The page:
One of the tragic pages in the history of Armenia is the period of the reign of Armenian King Artavazd II, the son of Tigran II the Great. Unfortunately, the events of that time wouldn’t be accounted for by the future politicians.
This is evidenced by constantly repeating similar situations. King Artavazd himself was invited to Egypt, deceived, captured, and executed by the order Queen Cleopatra and Marcus Antonius.
But then, due to certain events, in which the murder of the Armenian king played an important role, Antonius and Cleopatra shamefully committed suicide, and Egypt fell forever.
There are several similar cases in Armenian history, one of which is the story of King Arshak and Sparapet Vasak, who were also invited as dear guests and then deceived. Vasak was killed while Arshak was imprisoned.
Overall, the Armenian history is rich with such stories with short-sighted politicians involved, including relatively modern Soviet and post-Soviet periods (the 1999 mass murder in the Armenian parliament, for example), which again suggests that the phenomenon of repeating the same mistakes is not only simply left unstudied but becomes forgotten as well.
At this stage, one can only examine the separate pages of Armenian history to draw some conclusions. Let us now present you with the story of Artavazd II.
Artavazd II was the king of Greater Armenia, the eldest son of Tigran II the Great from the Artashesyan (Artaxiad) dynasty. He reigned in 55-34 BC. During his rule, Armenia still was one of the most powerful countries of Asia Minor. Artavazd himself wore the title “king of kings” inherited from his father.
However, Armenia’s international position was gradually becoming less and less precarious. In particular, this was due to the desire of the powerful Roman Empire to establish its hegemony over all of Asia Minor.
For this reason, the policy of rapprochement of Armenia with Parthia became urgent in order to confront the common enemy, Rome. Since Armenia still was a powerful state, Rome could not engage with it in a war directly.
This gave Artavazd the opportunity to resist Rome. Near the town of Carrhae in 53 BC, a general battle took place between the Roman and the allied Parthian-Armenian troops. In this battle, the allies were victorious and defeated the Romans.
Marcus Crassus himself was taken prisoner and beheaded. The joyful news of the victory over the enemy along with the head of Marcus Crassus was taken to Artashat by Parthian messengers. At that time, the city was bursting with festivals and the kings of Armenia and Parthia were both present. After the defeat at the Battle of Carrhae, Rome’s position in Asia Minor weakened considerably.
This was taken advantage of by the Allies, who began occupation campaigns throughout the Asia Minor regions controlled by Rome. But since the beginning of the 40s of the 1st century BC, the relations between Parthia and Armenia started to deteriorate.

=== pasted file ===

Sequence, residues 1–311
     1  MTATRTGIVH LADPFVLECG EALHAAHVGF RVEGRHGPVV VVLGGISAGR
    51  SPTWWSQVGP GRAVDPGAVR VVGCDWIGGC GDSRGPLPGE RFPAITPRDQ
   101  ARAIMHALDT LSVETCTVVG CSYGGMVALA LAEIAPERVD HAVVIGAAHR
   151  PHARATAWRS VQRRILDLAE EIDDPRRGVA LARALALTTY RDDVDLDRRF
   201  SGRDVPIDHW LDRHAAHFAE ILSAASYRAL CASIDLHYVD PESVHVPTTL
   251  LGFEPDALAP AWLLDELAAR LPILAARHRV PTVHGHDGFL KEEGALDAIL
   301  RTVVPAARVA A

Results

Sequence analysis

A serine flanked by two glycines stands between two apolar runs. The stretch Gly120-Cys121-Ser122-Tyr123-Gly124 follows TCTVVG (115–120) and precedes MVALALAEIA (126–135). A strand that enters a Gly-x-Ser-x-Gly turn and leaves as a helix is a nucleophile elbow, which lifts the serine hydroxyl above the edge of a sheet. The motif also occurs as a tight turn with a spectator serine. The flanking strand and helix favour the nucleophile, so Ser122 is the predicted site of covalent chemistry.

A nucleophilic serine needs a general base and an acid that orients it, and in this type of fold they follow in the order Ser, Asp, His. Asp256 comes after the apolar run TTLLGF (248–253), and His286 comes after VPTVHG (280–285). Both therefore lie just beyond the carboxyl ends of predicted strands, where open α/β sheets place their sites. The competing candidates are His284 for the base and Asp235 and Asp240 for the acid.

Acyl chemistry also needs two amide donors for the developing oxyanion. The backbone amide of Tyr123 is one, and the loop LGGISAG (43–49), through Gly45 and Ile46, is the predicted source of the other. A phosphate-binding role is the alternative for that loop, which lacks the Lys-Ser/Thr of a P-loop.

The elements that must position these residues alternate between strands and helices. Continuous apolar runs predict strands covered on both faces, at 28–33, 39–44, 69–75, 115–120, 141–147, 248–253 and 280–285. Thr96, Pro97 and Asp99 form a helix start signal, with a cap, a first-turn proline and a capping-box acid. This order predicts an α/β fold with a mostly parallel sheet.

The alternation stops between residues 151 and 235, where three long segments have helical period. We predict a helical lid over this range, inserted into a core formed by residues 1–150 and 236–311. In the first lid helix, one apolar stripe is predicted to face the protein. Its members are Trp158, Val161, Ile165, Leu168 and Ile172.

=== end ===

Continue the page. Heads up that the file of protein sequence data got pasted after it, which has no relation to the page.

This led to the disintegration of the Armenian-Parthian Union in 38 BC, but both countries tried to maintain diplomatic relations at least symbolically. Having learned about this, the Roman Empire sought to attract Armenia to its side against the Parthians.
However, Artavazd II did everything in his power to maintain neutrality in relation to both Rome and Parthia. In 36 BC, the Romans (this time under the leadership of Mark Antonius) marched on Parthia through Armenia. And again, Artavazd II took a neutral position.
To force Artavazd II to oppose Parthia, Marcus Antonius started a war against Armenia, which lasted until 34 BC. The war proceeded sluggishly, with varying success, and did not cause any substantial damage to any of the belligerents, but the Armenians had stronger positions.
The queen of Egypt Cleopatra VII of the Ptolemaic dynasty became an ally of Rome in the Roman-Armenian war of 36-34 BC. Seeing the futility of the war, Marcus Antonius invited Artavazd II and his family under the pretext of signing a peace treaty.
To avoid a destructive and bloody war and save his people, Artavazd II was forced to comply and meet Antonius. Artavazd and his family were insidiously arrested and sent to Rome. Artavazd was then moved to Egypt to be held Cleopatra’s hostage.
Only the heir to the throne, Artavazd’s eldest son Artashes, survived, who escaped and was sheltered by his father’s friends. Later, in 30 BC, Artashes undertook an uprising against Romans and managed to drive them out of Armenia. He then acceded the throne under the name of Artashes II.
After the arrest of Artavazd I, Marcus Antonius declared Armenia as a Roman province (34-30 BC). Rome’s supporter Arsham was appointed Armenia’s new ruler. Artavazd II was executed in Egypt in 31 BC.
Artavazd II was an intelligent and far-sighted politician. He did everything to protect his people from external aggressors and he succeeded, at least for some time. In addition, he carried out progressive reforms in many spheres of the internal life of the state.